Among the highlights of Kat Parra's fine recent Azúcar de Amor
(Patois, 2008) is the trombone and arrangements of Wayne Wallace. It is therefore gratifying to have this new record led by the San Franciscan. But while Parra's record comes across as a superbly executed homage to Latin music, Wallace's sounds like an idiosyncratically funky variant of the thing itself.
Wallace's repertoire on The Nature of the Beat
stakes out some unconventional territory and considerable breadth, but more than a few listeners will feel quite at home here, with familiar musical references to Ray Charles, the Miles Davis Nonet and Earth, Wind and Fire. The set list might suggest a welcoming party for music lovers of a certain age, and the music here admits that interpretation. But while this is largely a festive record, it is also an exceedingly professional and meticulously conceived one, the bedrock of which is a profound knowledge of the Afro-Cuban musical tradition.
All of the numbers here are cast or recast in an Afro-Cuban mode, making even somewhat overripe choices like "Fascinatin' Rhythm" (on the jazz side) or "Bésame Mucho" (on the Latin side) sound fresh. Superb jazz or Latin jazz arrangements tend to overlay a strictly Latin percussion foundation; and most cuts, even the more intense ones, are taken at a comfortable pace. Most tracks feature an irresistible montunoa propulsive, trance-like section, over which vocalists and instrumentalists improvise, frequently undergirded by Spanish-language versions of the lyric ("suéltameel corazónamor!" sings the chorus on "Unchain My Heart"). Wallace's supple playing on both trombone and the rare Wagner tuba brass instrument are highlighted to great effect throughout: liquid and tender on "Bésame Mucho," probing and insistent on "That Walk."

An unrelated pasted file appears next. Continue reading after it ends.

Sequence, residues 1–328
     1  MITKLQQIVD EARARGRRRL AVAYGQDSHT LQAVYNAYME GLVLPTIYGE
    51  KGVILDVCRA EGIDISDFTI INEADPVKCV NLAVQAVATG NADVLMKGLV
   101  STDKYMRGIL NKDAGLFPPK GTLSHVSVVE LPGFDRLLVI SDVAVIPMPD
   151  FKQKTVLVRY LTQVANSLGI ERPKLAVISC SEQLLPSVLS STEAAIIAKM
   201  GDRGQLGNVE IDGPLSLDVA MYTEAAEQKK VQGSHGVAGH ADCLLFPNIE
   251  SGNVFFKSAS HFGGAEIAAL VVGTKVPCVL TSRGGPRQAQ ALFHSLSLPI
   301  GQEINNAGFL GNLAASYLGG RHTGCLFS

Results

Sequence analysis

This is a big group of musicians, and noteworthy contributions tend to accumulate rather quickly. Pianist Murray Low plays with an elegance that would suit Cuba's venerable Orquesta Aragón. The joyously anachronistic synthesizer lines of Frank Martin add a dollop of '70s credibility throughout. The most valuable player award must go to Ray Stallings, whose baritone sax solo on the marvelous "Jeru" must grapple with the specter of Gerry Mulligan, and whose vocal (!) on "Unchain My Heart" goes mano a mano
with no less than the Ray Charles version. The Nature of the Beat
is not perfecta too-mellow reading of Herbie Hancock's "Come Running to Me" is pleasant but unconvincing, for examplebut somehow manages to be learned, funky and big-hearted all at once. Wallace and his band mates provide dizzying virtuosity and create breathtaking musical hybrids, having fun all the while.
Personnel: Wayne Wallace: trombone, Wagner tuba; Louis Fasman: trumpet, flugelhorn; Melecio
Magdaluyo: alto saxophone, flute; Ron Stallings: tenor and baritone saxophones, vocals;
Aaron Lington: baritone saxophone; Murray Low: piano; Frank Martin: piano, synthesizer;
David Yamasaki: guitar; David Belove: bass; John Santos: congas, percussion; Michael
Spiro: timbales, percussion; Paul van Wageningen: trap drums; Alexa Weber Morales:
vocals; Karen Aczon: vocals; Larry Batiste: vocals; David Chaidez: vocals; Jodene Noble:
vocals; Claytoven Richardson: vocals; Sakai: vocals; Sheryl Lynn Thomas: vocals; Orlando
Torriente: vocals; Jeanie Tracy: vocals.